Sorex araneus

Sorex araneus

The common shrew or Eurasian shrew (Sorex araneus Linnaeus, 1758) is a small mammal belonging to the Soricidae family.

Systematics –
From a systematic point of view it belongs to:
Eukaryota Domain,
Kingdom Animalia,
Phylum Chordata,
Class Mammalia,
Order Soricomorpha,
Soricidae family,
Genus Sorex,
Species S. araneus.

Geographic Distribution and Habitat –
Common shrew The common shrew is a species widespread in much of Europe and Asia (from the Pyrenees to Lake Baikal) with the exception of the steppe and desert areas. It is absent in Ireland, in the Iberian Peninsula, in most of France and in the southern Balkans.
In Italy it is present throughout the peninsula, however the distribution of this species is not yet fully clarified due to the difficult distinction with the Italian shrew and, moreover, it is absent in the islands.
It is the most common species of shrew, as well as being one of the most numerous mammals and one of the few to be poisonous.
Its habitat is that of wooded areas, grassy areas and hedges of Great Britain, France, and especially in Liguria, Scandinavia and Eastern Europe.

Description –
The Sorex araneus is a small mammal with a head-body length of 5.4-8.7 cm, a tail length of 3.2-5.6 cm, for a weight of 6-12 grams.
It is recognized to have a dark brown furrowed and pale belly.
The young have a brighter colored coat, before they make their first moult, when the darkest winter coat develops.

Biology –
In the common shrew, the breeding season runs from April to September, with a peak of births during the summer months.
The gestation lasts 24 – 25 days and each female gives birth, 2-4 times a year, a litter of 5-7 young.
The little ones become independent at the age of 22 and 25 days.
The young often form a caravan behind the mother, holding the tail of the brother or sister in front of them with their mouths.
This mammal, during the reproductive period, unlike the rest of the year, prefers not to be solitary.

Ecological Role –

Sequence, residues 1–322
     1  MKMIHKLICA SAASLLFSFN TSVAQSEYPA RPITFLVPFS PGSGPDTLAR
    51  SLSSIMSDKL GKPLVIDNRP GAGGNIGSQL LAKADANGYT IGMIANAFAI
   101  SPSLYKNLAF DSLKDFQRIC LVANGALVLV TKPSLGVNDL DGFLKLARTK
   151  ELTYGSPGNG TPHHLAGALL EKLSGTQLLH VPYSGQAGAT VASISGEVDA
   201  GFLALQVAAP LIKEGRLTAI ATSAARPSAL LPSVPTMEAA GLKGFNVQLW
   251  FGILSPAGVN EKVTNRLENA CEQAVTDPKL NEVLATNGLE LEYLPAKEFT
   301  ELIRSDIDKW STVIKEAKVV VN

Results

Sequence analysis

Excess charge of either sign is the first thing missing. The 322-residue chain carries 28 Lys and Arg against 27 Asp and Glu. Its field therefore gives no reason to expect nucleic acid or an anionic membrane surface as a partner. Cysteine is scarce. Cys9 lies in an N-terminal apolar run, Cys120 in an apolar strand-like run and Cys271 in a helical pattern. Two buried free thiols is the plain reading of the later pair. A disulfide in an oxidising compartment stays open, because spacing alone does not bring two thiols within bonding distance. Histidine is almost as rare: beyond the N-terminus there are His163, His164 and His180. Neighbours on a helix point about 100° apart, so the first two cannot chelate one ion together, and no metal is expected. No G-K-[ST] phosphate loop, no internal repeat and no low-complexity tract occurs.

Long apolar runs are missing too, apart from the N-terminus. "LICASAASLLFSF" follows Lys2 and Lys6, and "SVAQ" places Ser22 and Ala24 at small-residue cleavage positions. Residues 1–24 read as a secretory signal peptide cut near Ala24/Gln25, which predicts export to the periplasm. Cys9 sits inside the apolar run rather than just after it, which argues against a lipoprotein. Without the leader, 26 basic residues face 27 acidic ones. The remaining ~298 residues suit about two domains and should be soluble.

Each specimen of Sorex araneus occupies a territory of 370-630 square meters, in which it will live all its life and during the winter months it does not go into hibernation, as its body is too small to store sufficient reserves of fat.
Males extend their borders only during the breeding season, when they search for females. They are territorial animals and very aggressive when another specimen crosses the borders of its territory.
They build their nests underground in the sand or among the dense vegetation.
They are animals with very poor eyesight, but they use an excellent sense of smell and good hearing to locate prey. With these senses, the Sorex araneus can detect prey in the soil up to 12 cm deep.
They are active both day and night, although they are much more active during the latter. They are almost always on the move and only rest for a few minutes between one activity and another.
The diet of this mammal is predominantly carnivorous and insectivorous and consists mainly of insects, snails, spiders, worms and carrion. To survive, each individual needs to consume an amount of food equal to 80-90% of its body weight every day. This necessity drives them to eat every two or three hours.
According to the IUCN, the conservation status of this species does not place it among those threatened even if in recent years the number of specimens has dropped considerably due to the increased use of herbicides.
The common shrew in Great Britain is protected under the Wildlife and Countryside Act of 1981 and it is an offense to kill one without first obtaining a license.
In this country, the population of these mammals is kept under control by owls, weasels, stoats and foxes, avid predators of the common shrew.
In addition, a liquid produced by some glands located on the skin makes shrews rather unpleasant to the taste of domestic cats.

Guido Bissanti

– Wikipedia, the free encyclopedia.
– Gordon Corbet, Denys Ovenden, 2012. Guide to the mammals of Europe. Franco Muzzio Publisher.
– John Woodward, Kim Dennis-Bryan, 2018. The great encyclopedia of animals. Gribaudo Editore.

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